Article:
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L. A. Hillenbrand (Caltech), M. R. Meyer (U. Arizona)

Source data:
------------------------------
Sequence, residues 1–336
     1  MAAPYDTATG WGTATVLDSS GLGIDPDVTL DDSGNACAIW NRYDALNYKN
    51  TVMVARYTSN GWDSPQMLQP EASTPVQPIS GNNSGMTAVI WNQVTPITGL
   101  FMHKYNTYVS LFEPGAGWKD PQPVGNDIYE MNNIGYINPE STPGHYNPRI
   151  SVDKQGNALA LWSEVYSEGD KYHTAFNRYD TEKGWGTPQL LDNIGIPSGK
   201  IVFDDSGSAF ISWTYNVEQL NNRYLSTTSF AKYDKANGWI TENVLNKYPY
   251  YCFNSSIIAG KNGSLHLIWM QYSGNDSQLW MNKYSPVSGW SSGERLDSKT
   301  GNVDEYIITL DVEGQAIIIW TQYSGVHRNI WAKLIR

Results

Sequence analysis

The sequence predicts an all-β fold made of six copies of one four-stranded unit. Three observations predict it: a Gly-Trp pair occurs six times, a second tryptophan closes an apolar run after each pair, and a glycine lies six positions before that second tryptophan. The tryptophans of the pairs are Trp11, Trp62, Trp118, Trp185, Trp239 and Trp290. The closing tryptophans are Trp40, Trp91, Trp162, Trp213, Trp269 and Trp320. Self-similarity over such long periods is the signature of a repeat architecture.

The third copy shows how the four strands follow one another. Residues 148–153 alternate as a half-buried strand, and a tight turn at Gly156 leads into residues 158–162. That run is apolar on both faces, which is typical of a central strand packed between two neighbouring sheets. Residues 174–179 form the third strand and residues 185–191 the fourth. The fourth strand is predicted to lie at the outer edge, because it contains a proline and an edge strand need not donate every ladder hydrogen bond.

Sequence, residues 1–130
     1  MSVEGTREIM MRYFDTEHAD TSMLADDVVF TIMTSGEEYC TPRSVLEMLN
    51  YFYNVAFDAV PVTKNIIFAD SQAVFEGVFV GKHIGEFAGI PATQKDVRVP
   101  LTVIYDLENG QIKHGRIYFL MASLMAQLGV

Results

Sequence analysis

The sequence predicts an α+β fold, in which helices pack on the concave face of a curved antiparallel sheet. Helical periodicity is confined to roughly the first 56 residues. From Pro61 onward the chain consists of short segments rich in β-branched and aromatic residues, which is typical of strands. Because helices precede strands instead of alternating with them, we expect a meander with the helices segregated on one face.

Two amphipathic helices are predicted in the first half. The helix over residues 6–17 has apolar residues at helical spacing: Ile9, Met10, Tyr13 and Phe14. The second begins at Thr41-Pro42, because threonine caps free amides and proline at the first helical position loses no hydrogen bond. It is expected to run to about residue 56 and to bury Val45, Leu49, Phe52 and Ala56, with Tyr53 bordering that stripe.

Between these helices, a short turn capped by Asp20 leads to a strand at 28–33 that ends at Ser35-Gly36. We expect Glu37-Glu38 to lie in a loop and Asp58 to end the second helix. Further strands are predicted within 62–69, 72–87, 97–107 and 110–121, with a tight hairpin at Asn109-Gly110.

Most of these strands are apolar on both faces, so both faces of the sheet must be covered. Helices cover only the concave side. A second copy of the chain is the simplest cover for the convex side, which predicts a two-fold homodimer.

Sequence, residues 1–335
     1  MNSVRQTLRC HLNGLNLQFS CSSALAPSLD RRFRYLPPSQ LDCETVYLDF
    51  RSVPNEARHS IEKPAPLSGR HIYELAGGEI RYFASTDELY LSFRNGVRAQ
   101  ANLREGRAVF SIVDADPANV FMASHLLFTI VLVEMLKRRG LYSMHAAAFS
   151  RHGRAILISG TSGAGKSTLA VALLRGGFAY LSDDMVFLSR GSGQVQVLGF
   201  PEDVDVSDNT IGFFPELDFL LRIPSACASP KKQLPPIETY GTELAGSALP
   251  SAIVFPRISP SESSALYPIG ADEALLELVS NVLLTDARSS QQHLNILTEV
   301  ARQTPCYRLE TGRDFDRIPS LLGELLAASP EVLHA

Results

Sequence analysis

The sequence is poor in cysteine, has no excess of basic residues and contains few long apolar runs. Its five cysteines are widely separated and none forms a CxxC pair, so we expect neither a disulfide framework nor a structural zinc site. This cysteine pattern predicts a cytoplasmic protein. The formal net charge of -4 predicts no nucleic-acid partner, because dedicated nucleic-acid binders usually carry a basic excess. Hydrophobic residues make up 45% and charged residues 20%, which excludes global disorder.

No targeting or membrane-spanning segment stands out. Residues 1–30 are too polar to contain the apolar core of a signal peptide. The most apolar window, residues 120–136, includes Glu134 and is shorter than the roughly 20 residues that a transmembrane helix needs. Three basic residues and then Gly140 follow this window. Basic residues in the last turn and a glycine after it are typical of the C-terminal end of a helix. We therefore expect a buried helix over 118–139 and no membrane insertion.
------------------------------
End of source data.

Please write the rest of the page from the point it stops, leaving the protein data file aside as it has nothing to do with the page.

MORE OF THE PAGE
It is fairly common consensus that circumstellar disks are near-ubiquitously present around stars at birth. These disks are the sites of planetary formation, and with detection of exo-solar planets now occurring routinely, understanding of the evolutionary link between young circumstellar disks and planets is more critical than ever. Dimunition of accretion disk activity and transition from optically thick accretion disks to optically thin post-planet-building disks occurs during the early pre-main sequence phase. Observationally, there are at present no statistically significant quantitative constraints on accretion disk lifetimes as a function of stellar mass, although data provided by 2MASS and SIRTF will form the basis for significant progress over the next decade. We have attempted to constrain accretion disk lifetimes by compiling optical and near-infrared photometric and spectroscopic data for a large sample (N > 2500) of relatively nearby young stellar objects, from which near-infrared excesses and stellar ages and masses can be derived. Our analysis of the near-infrared excess trends with stellar age and stellar mass supports a conclusion of large dispersions at any given mass in accretion disk lifetimes. There are rather young (<1 Myr) stars which already have lost their disks, and also rather old (>10 Myr) stars which still retain their inner accretion disks, as has been known for some time. Nevertheless, a generally declining trend of disk fraction with increasing stellar age is suggested, with relatively few (but indeed some) disks present around low-mass stars after 15 Myr.